App Security today is the Rodney Dangerfield of IT security. Everyone knows about it, but it gets no respect. Isn't it obvious that because apps are granted greater data-sharing with other apps and the ability to update itself—directly to the mothership—without IT signoff, that perhaps this should soar to the top of the danger list?

Apparently not. Consider just a few examples from December. Computerworld notes that when Apple insisted that all app developers must up their security game and comply with App Transport Security (ATS) rules, a security report found that "on the most common 200 apps installed on iOS devices in enterprises," "97 percent of the analyzed apps -- 193 out of 200 -- used exceptions and other settings that weakened the default ATS configuration."

In short, even when a mobile OS company insists on better security—which isn't often—developers will push back. Still think your enterprise doesn't need to have a direct app security approach independent of ISVs and OS vendors?

Need more convincing? Let's see how Google's Android app security efforts are going. ARS Technica tells a tale suggesting that the Google Play Store isn't that impressive a source of security, either.

"For at least the past six months, a popular remote management app available in the official Google Play Store has opened tens of millions of Android users to code-execution and data-theft attacks when they use unsecured networks," the story noted. "AirDroid, which has been downloaded 10 million to 50 million times from the official Google Play Store, uses a static and easily detectable encryption key when transmitting update files and sensitive user data. Attackers who are on the same network can exploit the weakness to push fraudulent updates or view potentially sensitive user information, including the international mobile equipment identity and international mobile subscriber identity designations that are unique to each phone."

How many app security nightmare will it take before it’s taken seriously? Mobile apps are simply exploding far more swiftly than security considerations are. Until that changes, app security is essential.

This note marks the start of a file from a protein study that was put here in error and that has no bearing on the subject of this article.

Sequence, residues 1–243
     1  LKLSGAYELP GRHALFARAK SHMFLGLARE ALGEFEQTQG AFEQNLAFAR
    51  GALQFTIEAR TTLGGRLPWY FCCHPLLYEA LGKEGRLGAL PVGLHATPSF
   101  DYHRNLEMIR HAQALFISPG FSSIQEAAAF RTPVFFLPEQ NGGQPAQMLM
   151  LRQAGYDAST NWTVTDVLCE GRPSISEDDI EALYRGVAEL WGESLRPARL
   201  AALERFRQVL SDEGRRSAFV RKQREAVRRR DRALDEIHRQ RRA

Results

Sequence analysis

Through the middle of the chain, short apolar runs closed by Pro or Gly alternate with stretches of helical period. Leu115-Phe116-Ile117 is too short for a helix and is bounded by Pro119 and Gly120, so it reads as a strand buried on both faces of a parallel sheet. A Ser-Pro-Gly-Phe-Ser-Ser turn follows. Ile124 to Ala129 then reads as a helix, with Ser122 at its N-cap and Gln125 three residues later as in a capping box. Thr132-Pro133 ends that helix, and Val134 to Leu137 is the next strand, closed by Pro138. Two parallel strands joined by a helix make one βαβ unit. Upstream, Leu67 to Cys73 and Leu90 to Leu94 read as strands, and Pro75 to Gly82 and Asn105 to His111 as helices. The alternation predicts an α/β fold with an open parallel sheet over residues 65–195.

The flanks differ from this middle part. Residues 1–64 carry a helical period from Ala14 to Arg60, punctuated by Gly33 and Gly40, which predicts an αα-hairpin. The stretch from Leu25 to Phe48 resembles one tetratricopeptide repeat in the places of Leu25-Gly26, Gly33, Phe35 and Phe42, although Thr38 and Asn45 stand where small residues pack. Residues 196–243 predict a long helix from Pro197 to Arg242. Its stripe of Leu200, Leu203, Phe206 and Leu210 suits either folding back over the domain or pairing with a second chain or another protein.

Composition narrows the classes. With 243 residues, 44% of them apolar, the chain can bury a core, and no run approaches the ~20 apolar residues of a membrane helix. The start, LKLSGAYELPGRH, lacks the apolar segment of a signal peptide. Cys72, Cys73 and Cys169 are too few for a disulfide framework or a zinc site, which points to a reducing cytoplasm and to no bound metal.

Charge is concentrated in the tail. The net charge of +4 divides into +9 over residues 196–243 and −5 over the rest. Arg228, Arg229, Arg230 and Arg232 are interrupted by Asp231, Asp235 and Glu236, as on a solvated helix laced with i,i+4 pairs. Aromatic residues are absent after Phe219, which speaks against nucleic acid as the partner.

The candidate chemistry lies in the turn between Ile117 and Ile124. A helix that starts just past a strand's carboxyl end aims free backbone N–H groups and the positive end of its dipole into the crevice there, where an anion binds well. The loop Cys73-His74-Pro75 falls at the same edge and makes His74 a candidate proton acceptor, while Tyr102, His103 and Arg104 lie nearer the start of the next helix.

To be explicit, the problem is protecting the apps and that needs to be a centralized approach. I've been testing quite a few mobile VPNs and have yet to find any that work more than 1-2 weeks. They all start out decently, but they quickly degrade performance to the point of absurdity. I was expecting some slower performance, which is a fine tradeoff for better security. What I found, however, were mainstream sites that wouldn't load at all and e-mail that simply couldn't download messages. That's a bit much.

Changing the supposed country of origin often helps, but briefly. Within a few days, the performance nightmares would return. (On the plus side, it's fun watching various e-commerce sites freak out when I appear to be visiting from Russia or Iran.)

It's not even that these apps necessarily contained malware. In app security, there's intended naughty behavior (aka malware) and the vastly more dangerous unintended behavior (such as a lack of encryption and other data-leakage via programmer carelessness). It's easier to test for apps that are designed to steal or do damage than ones that sort of accidentally get to the same place.

Evan Schuman has covered IT issues for a lot longer than he'll ever admit. The founding editor of retail technology site StorefrontBacktalk, he's been a columnist for CBSNews.com, RetailWeek, Computerworld and eWeek and his byline has appeared in titles ranging from BusinessWeek, VentureBeat and Fortune to The New York Times, USA Today, Reuters, The Philadelphia Inquirer, The Baltimore Sun, The Detroit News and The Atlanta Journal-Constitution. 

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